South of the Sahara, events popped up across South Africa as politicians sought to address the country’s high unemployment rate and appeal to workers ahead of August elections. In Nigeria, President Mohammadu Buhari spoke to thousands of workers in Abuja, touting his anti-corruption campaign. A Mozambique labor leader addressed a crowd in Maputo about the debts of state-owned companies and the need for wage and workplace reform. As the decline of oil prices has created economic hardship throughout Angola, the country’s two labor unions marched to draw attention to deteriorating worker conditions and the need for infrastructure maintenance. Workers in Ghana protested the privatization of the management of the state-owned Electric Company of Ghana, while the government insisted the company was still run by the state. Meanwhile, Ethiopia sidestepped Sunday commemorations altogether by moving May Day to May 3, when labor leaders plan to highlight ongoing struggles to organize Ethiopian workers.
As international media attention to the plight of LGBT Russians has waned, advocates have found themselves stretched thin trying to support embattled community members while responding to declining visibility and police intimidation. From ongoing violence against transgender Russians to attacks on private clubs and homes, support organizations like Avers have struggled to create stopgaps for the deteriorating conditions plaguing the Russian LGBT community. A Coda Story report highlights the difficulties the community faces in attempts to organize and resist both ongoing state persecution and everyday threats that burden life in Russia’s hyper-conservative heartland.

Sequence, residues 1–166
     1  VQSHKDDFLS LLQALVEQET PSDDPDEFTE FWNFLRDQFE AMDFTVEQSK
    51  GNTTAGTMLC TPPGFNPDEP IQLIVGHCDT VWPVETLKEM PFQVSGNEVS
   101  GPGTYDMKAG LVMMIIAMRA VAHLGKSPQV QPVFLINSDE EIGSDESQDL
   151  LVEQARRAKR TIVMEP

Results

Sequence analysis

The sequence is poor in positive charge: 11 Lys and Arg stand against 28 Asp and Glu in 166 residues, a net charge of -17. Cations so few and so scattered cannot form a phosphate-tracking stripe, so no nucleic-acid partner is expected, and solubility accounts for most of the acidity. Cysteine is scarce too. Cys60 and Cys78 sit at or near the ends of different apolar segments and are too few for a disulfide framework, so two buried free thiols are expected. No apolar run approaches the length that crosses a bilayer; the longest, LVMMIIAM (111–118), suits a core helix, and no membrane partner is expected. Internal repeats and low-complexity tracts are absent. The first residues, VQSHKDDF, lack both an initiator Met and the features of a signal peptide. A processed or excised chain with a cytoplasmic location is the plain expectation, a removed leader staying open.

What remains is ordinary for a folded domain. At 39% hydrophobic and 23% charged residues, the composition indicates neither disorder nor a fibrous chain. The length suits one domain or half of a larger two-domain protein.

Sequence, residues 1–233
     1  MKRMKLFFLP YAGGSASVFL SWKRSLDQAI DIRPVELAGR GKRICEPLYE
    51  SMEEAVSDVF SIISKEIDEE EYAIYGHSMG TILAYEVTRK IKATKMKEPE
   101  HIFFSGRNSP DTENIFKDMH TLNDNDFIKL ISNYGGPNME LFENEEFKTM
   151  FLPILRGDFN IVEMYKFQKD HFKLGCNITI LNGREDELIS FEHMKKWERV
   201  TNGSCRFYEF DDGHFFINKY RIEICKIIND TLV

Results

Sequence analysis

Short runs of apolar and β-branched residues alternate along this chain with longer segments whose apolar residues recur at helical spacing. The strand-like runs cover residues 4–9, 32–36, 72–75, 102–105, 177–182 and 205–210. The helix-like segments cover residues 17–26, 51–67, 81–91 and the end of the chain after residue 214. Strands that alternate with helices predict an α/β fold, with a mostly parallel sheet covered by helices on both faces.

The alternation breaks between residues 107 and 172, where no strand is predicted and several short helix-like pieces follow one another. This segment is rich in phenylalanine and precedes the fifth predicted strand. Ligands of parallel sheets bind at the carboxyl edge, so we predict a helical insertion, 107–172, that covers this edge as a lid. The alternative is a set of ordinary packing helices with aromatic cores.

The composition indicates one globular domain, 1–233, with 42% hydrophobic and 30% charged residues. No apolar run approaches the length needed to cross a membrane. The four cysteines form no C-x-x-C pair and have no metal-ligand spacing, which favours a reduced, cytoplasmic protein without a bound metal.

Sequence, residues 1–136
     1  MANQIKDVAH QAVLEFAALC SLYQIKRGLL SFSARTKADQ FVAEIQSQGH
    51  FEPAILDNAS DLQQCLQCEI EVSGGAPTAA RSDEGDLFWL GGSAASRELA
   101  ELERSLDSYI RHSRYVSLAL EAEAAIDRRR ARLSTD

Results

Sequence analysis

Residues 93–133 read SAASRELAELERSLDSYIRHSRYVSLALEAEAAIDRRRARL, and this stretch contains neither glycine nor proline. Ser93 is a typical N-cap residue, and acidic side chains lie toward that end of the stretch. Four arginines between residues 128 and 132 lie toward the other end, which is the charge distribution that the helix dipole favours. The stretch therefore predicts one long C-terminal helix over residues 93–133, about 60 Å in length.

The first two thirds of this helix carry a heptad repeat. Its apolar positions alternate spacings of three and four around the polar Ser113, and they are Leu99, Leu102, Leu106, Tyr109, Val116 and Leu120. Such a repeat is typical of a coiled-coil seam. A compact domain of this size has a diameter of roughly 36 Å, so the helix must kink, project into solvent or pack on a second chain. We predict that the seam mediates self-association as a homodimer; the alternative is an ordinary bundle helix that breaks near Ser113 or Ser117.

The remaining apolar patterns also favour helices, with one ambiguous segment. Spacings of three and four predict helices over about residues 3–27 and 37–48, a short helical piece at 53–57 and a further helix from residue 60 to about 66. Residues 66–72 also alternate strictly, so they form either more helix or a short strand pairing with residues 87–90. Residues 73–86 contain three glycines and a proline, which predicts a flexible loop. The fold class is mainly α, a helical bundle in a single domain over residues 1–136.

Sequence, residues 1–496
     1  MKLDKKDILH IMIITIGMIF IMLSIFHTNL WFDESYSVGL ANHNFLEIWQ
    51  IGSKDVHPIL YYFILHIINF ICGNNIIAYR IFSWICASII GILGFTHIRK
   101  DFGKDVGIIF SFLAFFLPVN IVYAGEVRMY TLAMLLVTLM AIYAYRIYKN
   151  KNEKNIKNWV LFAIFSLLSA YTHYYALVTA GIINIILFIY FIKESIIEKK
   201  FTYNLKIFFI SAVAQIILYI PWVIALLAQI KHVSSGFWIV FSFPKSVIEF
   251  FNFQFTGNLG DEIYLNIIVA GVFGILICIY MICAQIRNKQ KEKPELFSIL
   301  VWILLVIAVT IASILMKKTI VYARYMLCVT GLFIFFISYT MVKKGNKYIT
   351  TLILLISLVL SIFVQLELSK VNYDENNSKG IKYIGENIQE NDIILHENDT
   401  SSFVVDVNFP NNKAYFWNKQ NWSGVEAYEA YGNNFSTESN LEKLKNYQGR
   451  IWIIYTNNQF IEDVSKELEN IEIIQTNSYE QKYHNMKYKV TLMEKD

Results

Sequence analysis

Russian man faces possible year in jail after denying the existence of God online
Viktor Krasnov was charged in response to an online exchange in which he described the Bible as a “collection of Jewish fairy tales” and said “there is no God.”
Following the jailing of punk rock group Pussy Riots in 2012, lawmakers passed legislation that criminalized “insult[ing] the religious convictions or feelings of citizens.”
Despite Russia’s constitutional status as a secular state, President Vladimir Putin has led a campaign to promote traditional religious values to consolidate Russian national identity, long tied to the Russian Orthodox Church prior to the rise of the Soviet Union.
Tajiks with aspirations of working in Russia face constricted opportunities as Russian language education dwindles
The Tajikistani government has asked for more Russian-language teachers from Russia to reinforce Tajikistan’s crumbling language education.